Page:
US4945206 *Sep 3, 1988Jul 31, 1990Fanuc Ltd.Beam bender for use in a laser-beam machining apparatus
US5235263 *Mar 2, 1992Aug 10, 1993Ecrm TrustMethod and apparatus for correcting hysteresis synchronous motor hunting
US5289557 *Feb 23, 1993Feb 22, 1994Premier Laser Systems, Inc.Optics for medical laser
US5334816 *Nov 12, 1992Aug 2, 1994Matsushita Electric Industrial Co., Ltd.Laser beam machining apparatus and method for adjusting the height of its condenser lens
US5371570 *Jan 4, 1993Dec 6, 1994The University Of RochesterRefractive/diffractive optical system for broad-band through-the-lens imaging of alignment marks on substrates in stepper machines
US5434882 *Apr 12, 1994Jul 18, 1995The United States Of America As Represented By The United States Department Of EnergyInjection-controlled laser resonator
US5493096 *May 10, 1994Feb 20, 1996Grumman Aerospace CorporationThin substrate micro-via interconnect
Non-Patent Citations
Reference
1 *Chang, Pressure dependence of copper laser output characteristics, (1993) Applied Optics, vol. 32, No. 27, pp. 5230 5235.
2Chang, Pressure dependence of copper laser output characteristics, (1993) Applied Optics, vol. 32, No. 27, pp. 5230-5235.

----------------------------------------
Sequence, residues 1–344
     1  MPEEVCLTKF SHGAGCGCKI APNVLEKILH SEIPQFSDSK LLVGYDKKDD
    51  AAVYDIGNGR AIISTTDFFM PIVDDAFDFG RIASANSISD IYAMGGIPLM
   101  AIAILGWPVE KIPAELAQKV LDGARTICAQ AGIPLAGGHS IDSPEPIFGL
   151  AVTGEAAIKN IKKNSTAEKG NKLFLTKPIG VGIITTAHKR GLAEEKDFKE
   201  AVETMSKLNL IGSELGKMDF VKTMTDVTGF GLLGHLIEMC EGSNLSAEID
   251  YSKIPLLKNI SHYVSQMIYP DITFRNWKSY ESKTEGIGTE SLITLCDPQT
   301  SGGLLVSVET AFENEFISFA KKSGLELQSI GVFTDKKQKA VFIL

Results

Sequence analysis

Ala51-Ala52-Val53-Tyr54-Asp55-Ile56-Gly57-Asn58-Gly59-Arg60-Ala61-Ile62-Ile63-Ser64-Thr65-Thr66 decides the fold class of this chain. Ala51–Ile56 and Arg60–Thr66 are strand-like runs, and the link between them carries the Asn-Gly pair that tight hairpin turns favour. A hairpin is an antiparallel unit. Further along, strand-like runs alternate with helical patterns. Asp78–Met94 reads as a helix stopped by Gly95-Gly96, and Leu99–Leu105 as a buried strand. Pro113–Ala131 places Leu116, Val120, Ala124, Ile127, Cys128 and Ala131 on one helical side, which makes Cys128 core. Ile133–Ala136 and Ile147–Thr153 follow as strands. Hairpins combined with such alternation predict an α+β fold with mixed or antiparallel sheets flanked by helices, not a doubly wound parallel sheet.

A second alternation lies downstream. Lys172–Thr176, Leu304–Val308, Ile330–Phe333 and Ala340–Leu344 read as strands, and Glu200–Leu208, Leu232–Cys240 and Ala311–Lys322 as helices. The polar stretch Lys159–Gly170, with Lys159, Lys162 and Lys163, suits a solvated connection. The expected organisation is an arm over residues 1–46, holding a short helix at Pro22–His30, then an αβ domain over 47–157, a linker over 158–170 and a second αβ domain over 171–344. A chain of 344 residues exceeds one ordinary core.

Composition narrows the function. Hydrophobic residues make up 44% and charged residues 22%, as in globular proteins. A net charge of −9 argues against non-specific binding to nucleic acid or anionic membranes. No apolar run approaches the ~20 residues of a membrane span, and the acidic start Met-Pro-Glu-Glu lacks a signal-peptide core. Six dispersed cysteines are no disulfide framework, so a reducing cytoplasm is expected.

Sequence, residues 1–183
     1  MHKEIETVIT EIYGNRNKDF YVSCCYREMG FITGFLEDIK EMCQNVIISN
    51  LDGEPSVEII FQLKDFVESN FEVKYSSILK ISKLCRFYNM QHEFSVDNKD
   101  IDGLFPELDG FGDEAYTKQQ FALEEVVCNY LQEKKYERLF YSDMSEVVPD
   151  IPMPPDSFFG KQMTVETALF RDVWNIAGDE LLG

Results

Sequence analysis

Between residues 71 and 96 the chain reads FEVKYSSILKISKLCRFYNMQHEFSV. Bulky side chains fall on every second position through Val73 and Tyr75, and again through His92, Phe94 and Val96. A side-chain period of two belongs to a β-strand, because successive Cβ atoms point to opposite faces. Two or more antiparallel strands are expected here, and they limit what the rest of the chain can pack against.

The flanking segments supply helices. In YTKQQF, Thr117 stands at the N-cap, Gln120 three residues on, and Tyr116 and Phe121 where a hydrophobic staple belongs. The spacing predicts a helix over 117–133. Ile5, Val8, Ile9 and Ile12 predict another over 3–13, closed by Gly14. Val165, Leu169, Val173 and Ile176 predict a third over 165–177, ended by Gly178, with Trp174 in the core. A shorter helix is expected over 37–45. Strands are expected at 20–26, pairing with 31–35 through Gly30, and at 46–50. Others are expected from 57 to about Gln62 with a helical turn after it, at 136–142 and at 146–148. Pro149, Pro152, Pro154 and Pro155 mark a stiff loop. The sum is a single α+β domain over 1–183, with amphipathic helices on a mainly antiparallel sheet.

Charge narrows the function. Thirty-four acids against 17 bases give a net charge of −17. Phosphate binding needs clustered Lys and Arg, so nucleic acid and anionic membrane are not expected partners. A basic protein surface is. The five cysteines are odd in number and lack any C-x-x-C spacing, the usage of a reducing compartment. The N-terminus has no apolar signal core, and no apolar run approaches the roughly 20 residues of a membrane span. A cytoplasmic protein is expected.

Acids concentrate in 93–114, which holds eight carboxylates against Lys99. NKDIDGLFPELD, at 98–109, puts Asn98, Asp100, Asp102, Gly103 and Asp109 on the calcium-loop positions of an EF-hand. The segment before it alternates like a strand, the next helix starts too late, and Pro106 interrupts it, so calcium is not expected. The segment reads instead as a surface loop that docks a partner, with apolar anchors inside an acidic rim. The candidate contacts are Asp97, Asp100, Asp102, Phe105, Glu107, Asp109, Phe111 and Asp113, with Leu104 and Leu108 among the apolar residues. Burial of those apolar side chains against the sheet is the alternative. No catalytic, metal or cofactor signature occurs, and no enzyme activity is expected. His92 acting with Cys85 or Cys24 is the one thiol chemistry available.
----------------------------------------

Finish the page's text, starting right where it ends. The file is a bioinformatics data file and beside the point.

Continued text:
3Company Literature for Physik Instrumente No Publication Date (PI), "S-320 Tilting Mirror," 3 pages.
4 *Company Literature for Physik Instrumente No Publication Date (PI), S 320 Tilting Mirror, 3 pages.
5 *Hargrove et al., Laser Materials Processing Applications at Lawrence Livermore National Laboratory, Proceedings of the SPIE The International Societly for Optical Engineering, vol. 1859, pp. 263 272, jan. 1993.
6Hargrove et al., Laser Materials Processing Applications at Lawrence Livermore National Laboratory, Proceedings of the SPIE--The International Societly for Optical Engineering, vol. 1859, pp. 263-272, jan. 1993.
7J.J. Chang, "Copper-Laser Oscillator With Ajoint-Coupled Self-Filtering Injection," reprinted form Optics Letters, vol. 20, No. 6 (Mar. 15, 1995), pp. 575-577.
8 *J.J. Chang, Copper Laser Oscillator With Ajoint Coupled Self Filtering Injection, reprinted form Optics Letters, vol. 20, No. 6 (Mar. 15, 1995), pp. 575 577.
9J.J. Chang, et al., "Precision Micro Drilling With Copper Vapor Lasers," Icaleo (Oct. 1994), pp. 323-332.
10 *J.J. Chang, et al., Precision Micro Drilling With Copper Vapor Lasers, Icaleo (Oct. 1994), pp. 323 332.